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Book Report: Netherland

I was initially prepared to like Netherland, about which I mainly heard that it was a cricket book. Then it was mentioned as one of the Literary Books of the Year, and I lost interest. Then I picked it up again, read a bit in it, and put it back on the library bookshelf, and now, needing an O for my AtoZ, pulled it back down from that library bookshelf and read the thing.

It was… excellent in parts? I dunno. I have no idea what the book as a whole was about. I mean, I have no idea why I should care about the main character, an absurdly wealthy man who appears to drift through life aimlessly, as his wife leaves him and then returns to him, as he leaves one adopted country for another and then returns, as he associates himself and then dissociates himself from a con artist who later dies. He never appeared to want anything or begin any action, and while that was represented as a sort of depression, the book was not in any way about his struggle with that ailment.

On the other hand, I didn’t dislike it enough to stop partway through. There were bits I found fascinating, and even a few bits I found moving. And Mr. O’Neill has a gift for finely observed minutiae, which presumably other readers thought added up to more than the sum of its tiny, tiny parts. I didn’t.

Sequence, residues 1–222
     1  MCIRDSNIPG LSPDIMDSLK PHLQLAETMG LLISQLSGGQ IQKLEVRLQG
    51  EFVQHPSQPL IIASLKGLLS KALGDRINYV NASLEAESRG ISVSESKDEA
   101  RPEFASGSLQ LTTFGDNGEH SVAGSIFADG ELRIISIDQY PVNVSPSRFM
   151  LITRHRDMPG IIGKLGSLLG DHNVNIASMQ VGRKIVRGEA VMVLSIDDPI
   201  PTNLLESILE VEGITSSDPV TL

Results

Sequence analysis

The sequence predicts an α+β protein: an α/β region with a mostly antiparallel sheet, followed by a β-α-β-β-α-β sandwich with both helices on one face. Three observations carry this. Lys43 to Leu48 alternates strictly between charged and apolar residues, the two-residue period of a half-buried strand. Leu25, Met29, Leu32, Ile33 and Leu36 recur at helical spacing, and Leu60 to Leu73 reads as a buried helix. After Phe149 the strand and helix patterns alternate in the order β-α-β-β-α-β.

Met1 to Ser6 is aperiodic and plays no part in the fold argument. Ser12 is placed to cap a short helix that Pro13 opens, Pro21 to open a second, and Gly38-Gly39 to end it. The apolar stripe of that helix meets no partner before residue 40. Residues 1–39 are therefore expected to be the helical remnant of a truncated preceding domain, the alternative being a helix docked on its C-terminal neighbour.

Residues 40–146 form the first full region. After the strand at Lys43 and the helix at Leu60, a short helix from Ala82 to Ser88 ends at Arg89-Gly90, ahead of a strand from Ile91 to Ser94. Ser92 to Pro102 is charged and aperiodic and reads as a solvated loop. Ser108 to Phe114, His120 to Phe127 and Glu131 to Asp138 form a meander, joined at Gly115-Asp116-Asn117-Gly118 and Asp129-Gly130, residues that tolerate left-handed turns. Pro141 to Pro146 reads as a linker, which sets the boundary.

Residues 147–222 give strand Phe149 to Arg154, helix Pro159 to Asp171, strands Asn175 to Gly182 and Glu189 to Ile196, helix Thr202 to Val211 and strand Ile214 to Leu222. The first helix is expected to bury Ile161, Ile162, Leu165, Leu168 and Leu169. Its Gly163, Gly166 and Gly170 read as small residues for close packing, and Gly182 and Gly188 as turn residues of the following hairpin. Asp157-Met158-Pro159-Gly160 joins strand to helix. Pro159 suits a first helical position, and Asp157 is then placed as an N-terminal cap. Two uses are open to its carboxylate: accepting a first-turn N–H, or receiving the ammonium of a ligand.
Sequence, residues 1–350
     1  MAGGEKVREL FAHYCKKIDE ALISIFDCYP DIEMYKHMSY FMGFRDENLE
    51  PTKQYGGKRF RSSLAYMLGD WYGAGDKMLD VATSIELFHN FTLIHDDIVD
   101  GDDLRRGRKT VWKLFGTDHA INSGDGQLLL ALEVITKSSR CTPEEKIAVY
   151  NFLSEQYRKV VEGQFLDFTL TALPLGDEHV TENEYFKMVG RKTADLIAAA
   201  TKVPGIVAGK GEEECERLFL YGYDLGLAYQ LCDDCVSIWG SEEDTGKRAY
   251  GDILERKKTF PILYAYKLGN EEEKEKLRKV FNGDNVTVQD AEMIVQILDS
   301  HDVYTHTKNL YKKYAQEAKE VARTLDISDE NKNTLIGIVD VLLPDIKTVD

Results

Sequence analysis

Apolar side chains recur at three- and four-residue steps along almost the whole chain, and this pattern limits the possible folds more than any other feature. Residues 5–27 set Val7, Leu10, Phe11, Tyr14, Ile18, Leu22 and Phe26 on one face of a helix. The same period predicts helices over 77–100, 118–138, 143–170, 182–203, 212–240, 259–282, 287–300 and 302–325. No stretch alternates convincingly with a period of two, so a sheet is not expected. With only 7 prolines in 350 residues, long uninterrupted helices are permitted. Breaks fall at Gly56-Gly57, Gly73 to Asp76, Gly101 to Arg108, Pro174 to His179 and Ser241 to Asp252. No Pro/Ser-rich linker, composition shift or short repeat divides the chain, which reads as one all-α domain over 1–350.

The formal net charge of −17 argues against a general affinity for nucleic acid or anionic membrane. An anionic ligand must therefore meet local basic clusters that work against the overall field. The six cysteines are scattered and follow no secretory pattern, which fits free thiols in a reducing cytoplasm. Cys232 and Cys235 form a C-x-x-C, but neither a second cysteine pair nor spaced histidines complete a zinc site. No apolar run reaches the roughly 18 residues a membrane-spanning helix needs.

I’ll talk for a minute about one scene that I found memorable, for good or ill, and of course it’s about cricket. Early in the book Mr. O’Neill describes the cricket grounds our protagonist plays on, public parks where cricket’s demands run third or fourth to the demands of more popular sports. Moderately well-kept, these fields have grass that slows, rather than speeds, a batted ball. Thus the well-placed conservative shot, looking to roll between fielders to the boundary for four runs, or requiring a strenuous run-field-throw to keep the batsman to two, is instead likely to die a short distance from the crease with no opportunity to score. Meanwhile, an open-shouldered uppercut of a swing, a baseball swing not to put too fine a point on it, while retaining the risk of getting a batsman caught out, has a chance to clear the barrier on the fly for six runs. The balance of risk and reward is different in the cricket oval here, as it is outside it, but our protagonist cannot bring himself to change his swing, finding himself blocking and nurdling his way toward low run rates and low totals.

Late in the book, he describes a moment when, as he approaches the wicket to bat, his friend—this is the confidence man, numbers runner and shadowy investor whose fascination for our protagonist is called Gatsby-esque by reviewers who liked the book more than I did—urges him to swing for six. He does. He hits it over the rope, and writes how, in that moment, he discovers that he can hit the ball in the air without compromising his identity, that he is still who he was, even doing a thing he thought he would not do. He is, I suppose, pleased with this discovery, although the affectless prose fails to prod emotion from him or me, but the point is that, having refused to adapt his game to the ground in reluctance to abandon his fundamental nature forever, he feels fundamentally the same person.

But of course he is wrong about that. He isn’t the same person, he just thinks he is.

Tolerabimus quod tolerare debemus,